Co-Investing with Clients? Read These Pointers First.

March 26, 2019

One of the more satisfying things about being a lawyer is the opportunity to build deep, important relationships with your clients. Given those relationships, lawyers are often afforded the opportunity to co-invest alongside firm clients in private investment funds or directly in a private company.

For example, you have probably been approached with the opportunity to invest in a VC fund or directly in an early stage company.

While these opportunities indicate that you have built solid relationships with your clients, they also present a challenge. You need a process for evaluating these opportunities or you can end up with a disparate collection of private investments. So, how should you evaluate these investments, decide whether to invest and how much to invest?

Here’s a decision-making framework:

1. Focus on the Big Picture

Investments should be thought of as members of a team (your portfolio) with each member playing a specific role. Private investment opportunities are too often considered in isolation instead of in the context of your overall portfolio. For example, for a private real estate fund, you first need to evaluate what other exposures to real estate are already in your portfolio such as REITs or a commercial building.

Next, understand the primary purpose of the investment. Is it focused on generating current income or maximizing capital appreciation and liquidity through an eventual sale? Its primary focus will help you understand the role it will play in your portfolio

2. Evaluate Track Records

It’s been said that “history doesn’t repeat itself, but it often rhymes.” This axiom seems fitting for evaluating investment managers. When deciding whether to commit capital to a private investment, consider the Internal Rate of Return (IRR) for the firm’s prior funds as an indication of manager skill. If it’s a single company, you should consider the CEO’s previous experience and track record of delivering shareholder value.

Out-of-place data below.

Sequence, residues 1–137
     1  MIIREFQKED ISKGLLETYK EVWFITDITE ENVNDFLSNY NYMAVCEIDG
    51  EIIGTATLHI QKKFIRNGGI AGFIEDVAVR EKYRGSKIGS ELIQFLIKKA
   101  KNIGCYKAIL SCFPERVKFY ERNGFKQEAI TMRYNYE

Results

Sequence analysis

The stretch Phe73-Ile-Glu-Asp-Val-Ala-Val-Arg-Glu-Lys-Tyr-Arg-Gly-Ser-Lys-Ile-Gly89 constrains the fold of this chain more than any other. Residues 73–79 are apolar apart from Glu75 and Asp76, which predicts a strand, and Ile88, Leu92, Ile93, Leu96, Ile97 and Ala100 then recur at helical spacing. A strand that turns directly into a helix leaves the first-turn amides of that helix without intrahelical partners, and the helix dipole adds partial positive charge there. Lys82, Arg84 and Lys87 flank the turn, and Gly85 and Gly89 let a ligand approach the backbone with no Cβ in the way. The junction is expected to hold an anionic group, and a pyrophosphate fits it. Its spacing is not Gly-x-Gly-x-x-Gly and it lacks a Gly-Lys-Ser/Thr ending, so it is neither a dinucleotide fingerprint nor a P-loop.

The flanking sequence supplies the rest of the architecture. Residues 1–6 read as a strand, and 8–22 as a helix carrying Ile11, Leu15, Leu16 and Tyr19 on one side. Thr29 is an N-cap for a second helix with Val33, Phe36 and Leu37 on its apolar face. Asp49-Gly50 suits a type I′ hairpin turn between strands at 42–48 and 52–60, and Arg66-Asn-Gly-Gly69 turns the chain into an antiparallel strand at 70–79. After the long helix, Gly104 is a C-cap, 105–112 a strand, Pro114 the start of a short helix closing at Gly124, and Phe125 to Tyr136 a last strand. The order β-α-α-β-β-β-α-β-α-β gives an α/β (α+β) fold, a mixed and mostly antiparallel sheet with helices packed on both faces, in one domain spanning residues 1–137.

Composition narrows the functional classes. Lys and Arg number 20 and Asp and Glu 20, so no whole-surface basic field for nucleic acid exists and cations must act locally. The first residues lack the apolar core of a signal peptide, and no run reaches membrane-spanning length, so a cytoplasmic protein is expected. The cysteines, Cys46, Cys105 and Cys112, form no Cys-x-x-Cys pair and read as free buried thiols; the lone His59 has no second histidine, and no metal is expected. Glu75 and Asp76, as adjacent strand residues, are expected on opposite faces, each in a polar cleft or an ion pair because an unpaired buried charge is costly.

If the fund or company manager has shown an ability to consistently deliver above-average returns for investors, there’s a greater likelihood (not a guarantee, of course) of that success continuing. If the manager has no verifiable track record, I would have a very hard time committing any capital to that opportunity.

3. Understand the Terms

As a crafter of contracts yourself, you know that the devil is in the details. Make sure you understand the terms of the investment you’re considering—namely liquidity and fees. Private investments, by definition, are not traded on a public exchange and are therefore illiquid, sometimes for several years.

The fees on private investments are typically more involved as well usually including an annual management fee (1.5 percent, for example) plus an incentive fee (15-20 percent, for example) if the fund delivers returns above a minimum or “hurdle” performance target.

There are myriad structures around fees, so make sure you understand the structure and that you’re comfortable with it.

4. Size Appropriately

A rule of thumb I’ve encouraged clients to use in determining how much money to commit to a single private investment is the “impact on your life” rule. This is particularly applicable with higher risk or single company investments. The rule is simple: if this investment went to zero how much would it impact your life? Obviously, the bigger the commitment the more significant the impact.

As a lawyer, when you get approached about co-investing with a client, you probably feel flattered and excited about the opportunity. Hopefully these guidelines give you a framework for how to evaluate these opportunities and to help you make sound decisions.

Justin Peacock, MBA, CFP® is an Owner and Wealth Manager at BDF.  He works closely with clients to design wealth management plans that take into account the full spectrum of their career and personal concerns.  Justin graduated from Illinois State University with a B.S. in Mass Communication and earned his MBA from Northwestern University’s J.L. Kellogg School of Business.